The leading causes of death in the U.S. are heart disease and stroke. The primary or contributing indicator of these ailments is high blood pressure. Blood pressure is the force of blood against your artery walls as it circulates through your body. When you have high blood pressure it can harden your arteries, which decreases the flow of blood and oxygen to the heart. This in turn causes chest pain, heart failure, heart attacks, and strokes. According to the Center for Disease Control (CDC), 67 million U.S. adults have high blood pressure which figures out to be 1 in every 3 adults. Out of that 67 million: 69% of people have had their first heart attack, 77% a stroke, and 74% chronic heart failure. Having your blood pressure checked or monitoring it yourself can ultimately save your life. Also, knowing other preventative measures will help reduce your risk of even getting high blood pressure. In most cases, the cause of high blood pressure is unknown. However, there are several factors that can increase your chances of developing high blood pressure: genetics (hereditary), advanced age, gender, lack of physical exercise, poor diet, obesity, overabundance of alcohol, stress, smoking, and sleep apnea. Even knowing these risks many people still don’t know they have high blood pressure. The CDC estimates 1 in 5 adults don’t know they have high blood pressure. All too often there are no symptoms. When high blood pressure goes untreated, it damages arteries and vital organs. This is why high blood pressure has been nicknamed the silent killer. Having your blood pressure checked is easy and effortless. The CDC explains how your blood pressure is checked best, “A health professional wraps an inflatable cuff with a pressure gauge around your arm to squeeze the blood vessels. Then he or she listens to your pulse with a stethoscope while releasing air from the cuff and watching the gauge. The gauge measures blood pressure in millimeters of mercury. Blood...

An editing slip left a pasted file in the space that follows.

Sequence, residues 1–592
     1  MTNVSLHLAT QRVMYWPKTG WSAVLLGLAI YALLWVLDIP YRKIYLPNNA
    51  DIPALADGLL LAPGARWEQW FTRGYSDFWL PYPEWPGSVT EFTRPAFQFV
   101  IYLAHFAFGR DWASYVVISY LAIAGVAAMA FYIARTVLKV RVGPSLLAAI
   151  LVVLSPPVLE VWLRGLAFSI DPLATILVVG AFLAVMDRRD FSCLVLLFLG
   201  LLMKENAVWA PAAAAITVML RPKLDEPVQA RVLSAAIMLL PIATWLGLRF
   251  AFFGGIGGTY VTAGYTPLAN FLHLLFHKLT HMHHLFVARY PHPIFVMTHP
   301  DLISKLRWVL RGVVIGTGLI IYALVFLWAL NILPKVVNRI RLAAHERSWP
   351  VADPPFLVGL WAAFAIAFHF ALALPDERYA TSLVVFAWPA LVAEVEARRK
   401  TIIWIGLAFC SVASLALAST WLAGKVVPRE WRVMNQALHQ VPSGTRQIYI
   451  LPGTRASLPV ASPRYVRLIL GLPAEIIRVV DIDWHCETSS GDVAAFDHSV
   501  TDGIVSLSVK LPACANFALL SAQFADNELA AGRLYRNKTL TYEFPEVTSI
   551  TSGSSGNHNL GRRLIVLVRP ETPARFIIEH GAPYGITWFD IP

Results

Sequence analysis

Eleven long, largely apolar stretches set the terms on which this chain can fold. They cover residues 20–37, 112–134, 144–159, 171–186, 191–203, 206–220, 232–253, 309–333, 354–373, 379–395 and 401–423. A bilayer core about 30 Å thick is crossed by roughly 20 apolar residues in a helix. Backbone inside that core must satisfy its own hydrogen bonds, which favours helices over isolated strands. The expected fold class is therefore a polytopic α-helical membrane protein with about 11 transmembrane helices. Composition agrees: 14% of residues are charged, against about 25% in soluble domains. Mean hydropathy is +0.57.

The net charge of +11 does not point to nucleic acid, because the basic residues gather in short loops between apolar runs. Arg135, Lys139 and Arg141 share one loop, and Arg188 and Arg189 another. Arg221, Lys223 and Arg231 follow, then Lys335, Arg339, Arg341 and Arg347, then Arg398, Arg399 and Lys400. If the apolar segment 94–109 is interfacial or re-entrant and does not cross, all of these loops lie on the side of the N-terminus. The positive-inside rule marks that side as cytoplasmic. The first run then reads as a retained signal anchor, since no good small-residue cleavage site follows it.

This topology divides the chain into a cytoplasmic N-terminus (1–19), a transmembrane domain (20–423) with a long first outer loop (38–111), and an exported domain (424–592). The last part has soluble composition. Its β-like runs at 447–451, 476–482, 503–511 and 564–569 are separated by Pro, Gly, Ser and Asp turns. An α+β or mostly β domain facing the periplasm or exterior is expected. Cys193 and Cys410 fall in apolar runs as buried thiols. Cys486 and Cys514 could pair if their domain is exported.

References: American Heart Association: High Blood Pressure
Centers for Disease Control and Prevention for Heart Disease and Stroke Prevention
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